Too bad we can’t stop destroying babies and just burn more coats.

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Filed under Abortion, current events, politics

Mustard-Seed Faith and Moving Mountains

Just a word about faith and moving things…

Remember the verse where Jesus said if we had faith the size of a mustard seed – very small – we could move mountains from one place to another?

And Jesus said unto them, Because of your unbelief: for verily I say unto you, If ye have faith as a grain of mustard seed, ye shall say unto this mountain, Remove hence to yonder place; and it shall remove; and nothing shall be impossible unto you. – Matthew 17:20

But when we talk about moving mountains, remember movement can also be directional.

So often we want God to positionally relocate a mountain so that our forward path might be easier to navigate. In other words, we want God to move the mountain out of our way so that the journey might be less of a struggle.

But what if the mountain remains? What if, despite our faith, it’s part of God’s plan for our lives that the mountain stay right where it is – in our way? That happens more often than not, doesn’t it?

It’s when the mountain doesn’t move to “yonder place” we need to have faith Jesus won’t let us fall from the jagged cliffs as He pulls us, pushes us, and gives us the strength to climb, thereby moving the mountain – not away, but behind us.

For today, have a little mustard-seed faith…the kind that says to the most formidable cliff, “You will not stand in my way!”

If it’s the Lord’s will for the mountain to remain in place, He’ll make it possible to conquer it and move it to “yonder rearview mirror.”

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Would You Pray for Us?

I don’t want to go long with this post, but I need to ask for your prayer support. We are nothing short of desperate for your intercession.

Here are some specific ways you can pray:

  • Please pray for my family and myself, that the Lord will protect us, strengthen us, bind us together.
    • Pray that God will protect our marriage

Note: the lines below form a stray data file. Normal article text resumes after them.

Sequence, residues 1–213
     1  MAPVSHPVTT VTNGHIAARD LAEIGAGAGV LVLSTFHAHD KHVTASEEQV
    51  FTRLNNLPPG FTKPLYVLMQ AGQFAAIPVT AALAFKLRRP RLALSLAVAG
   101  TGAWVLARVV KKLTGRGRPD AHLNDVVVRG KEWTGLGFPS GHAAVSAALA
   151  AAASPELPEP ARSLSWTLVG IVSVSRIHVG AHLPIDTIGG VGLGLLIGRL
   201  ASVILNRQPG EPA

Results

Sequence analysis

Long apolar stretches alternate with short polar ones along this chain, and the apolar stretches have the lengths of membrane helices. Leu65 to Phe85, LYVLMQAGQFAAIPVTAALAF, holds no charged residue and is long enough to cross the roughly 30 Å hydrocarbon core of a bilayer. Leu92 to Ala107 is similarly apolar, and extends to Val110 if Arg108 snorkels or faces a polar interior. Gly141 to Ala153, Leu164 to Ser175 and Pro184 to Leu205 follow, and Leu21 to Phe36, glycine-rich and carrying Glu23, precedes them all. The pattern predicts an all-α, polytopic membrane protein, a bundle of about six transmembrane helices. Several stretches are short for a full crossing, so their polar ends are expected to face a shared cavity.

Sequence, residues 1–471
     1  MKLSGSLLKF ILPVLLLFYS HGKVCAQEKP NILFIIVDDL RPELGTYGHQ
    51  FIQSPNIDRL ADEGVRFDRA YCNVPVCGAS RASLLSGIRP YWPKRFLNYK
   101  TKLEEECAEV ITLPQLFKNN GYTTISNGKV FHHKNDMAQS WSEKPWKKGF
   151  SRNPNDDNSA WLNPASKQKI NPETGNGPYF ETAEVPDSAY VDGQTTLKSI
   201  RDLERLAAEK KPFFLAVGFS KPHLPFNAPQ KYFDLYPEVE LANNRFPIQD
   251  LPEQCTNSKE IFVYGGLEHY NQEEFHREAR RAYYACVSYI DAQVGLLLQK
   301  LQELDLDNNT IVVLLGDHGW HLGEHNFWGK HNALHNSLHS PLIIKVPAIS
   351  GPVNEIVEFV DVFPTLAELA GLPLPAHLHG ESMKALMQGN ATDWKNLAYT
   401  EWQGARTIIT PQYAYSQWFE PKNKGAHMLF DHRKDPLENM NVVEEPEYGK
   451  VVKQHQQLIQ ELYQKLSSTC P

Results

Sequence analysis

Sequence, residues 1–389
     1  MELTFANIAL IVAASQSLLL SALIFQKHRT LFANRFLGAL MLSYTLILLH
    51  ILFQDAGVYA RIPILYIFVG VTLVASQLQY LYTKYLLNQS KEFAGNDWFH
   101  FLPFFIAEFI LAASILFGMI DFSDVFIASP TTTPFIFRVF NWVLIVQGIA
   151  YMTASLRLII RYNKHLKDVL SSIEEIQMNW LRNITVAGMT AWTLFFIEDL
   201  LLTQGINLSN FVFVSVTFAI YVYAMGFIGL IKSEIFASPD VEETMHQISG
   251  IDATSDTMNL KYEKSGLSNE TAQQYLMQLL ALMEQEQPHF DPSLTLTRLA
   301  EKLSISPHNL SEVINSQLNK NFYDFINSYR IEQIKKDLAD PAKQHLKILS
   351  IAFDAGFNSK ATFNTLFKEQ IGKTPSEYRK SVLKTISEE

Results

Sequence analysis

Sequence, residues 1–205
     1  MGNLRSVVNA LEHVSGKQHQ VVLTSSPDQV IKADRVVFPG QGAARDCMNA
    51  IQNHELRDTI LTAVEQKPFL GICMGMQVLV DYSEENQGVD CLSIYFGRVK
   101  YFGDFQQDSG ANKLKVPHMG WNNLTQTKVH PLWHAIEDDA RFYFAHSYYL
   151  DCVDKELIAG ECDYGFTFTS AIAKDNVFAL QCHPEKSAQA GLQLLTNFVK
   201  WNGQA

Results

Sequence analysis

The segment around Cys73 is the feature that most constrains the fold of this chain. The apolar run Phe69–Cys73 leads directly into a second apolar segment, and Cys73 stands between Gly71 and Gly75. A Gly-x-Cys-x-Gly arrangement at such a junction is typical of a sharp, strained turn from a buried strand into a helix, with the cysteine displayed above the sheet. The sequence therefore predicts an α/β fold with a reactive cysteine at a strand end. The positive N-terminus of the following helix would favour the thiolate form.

• Pray that we will be wise parents during these later years
    • Pray that our daughters (even though the youngest is now turning 18) will not suffer any more harm due to ministry, but will grow in their desire to serve Him
    • Pray that the Holy Spirit will strengthen me and encourage me in my role as husband, father, and spiritual leader
  • Please pray for the health issues my family is facing, specifically for my wife and my mother.
    • Pray for healing
    • Pray for clarity and provision with treatments
    • My mother’s back surgery
    • My wife’s myriad of health issues
    • Pray that the Lord will strengthen “the weak hands [and] steady the shaking knees!” (Isa. 35:3 CSB) Heck, just pray the whole chapter over me!
  • Please pray for provision through this very lean time.
    • Pray that my income will increase in order to not only pay the necessary bills but to allow me to pour into ministry needs
    • Pray that financial provision will come into our church in order to continue the work of reaching our community with the gospel (we have only enough funds to last through September, that’s all)
    • Pray that favor will be shown as I seek new clients (I work with Aflac)
    • Pray that God will burden the hearts of those in the position to give generously unto the work of a local ministry
  • Pray for our little church that it will become mighty through prayer and an outpouring of grace.
    • Pray that we (I and a couple others) will be able to reach the lost and unchurched with the good news of the love of Jesus
    • Pray that the Lord will send us workers, even just a few
    • Pray that God will receive glory through the revitalization of South Soddy Baptist Church
    • Pray that our new website (set to launch in a couple of weeks) will be successful in reaching new people, both here and abroad
    • Pray for clarity and vision as I do my best to shepherd this congregation, including my family
  • Pray that I (I can’t speak for anyone else), no matter what, will see that my Hope, like sung by Mercy Me, is not just in Jesus, but IS Jesus. He is why I do what I do. He is why I’m still here.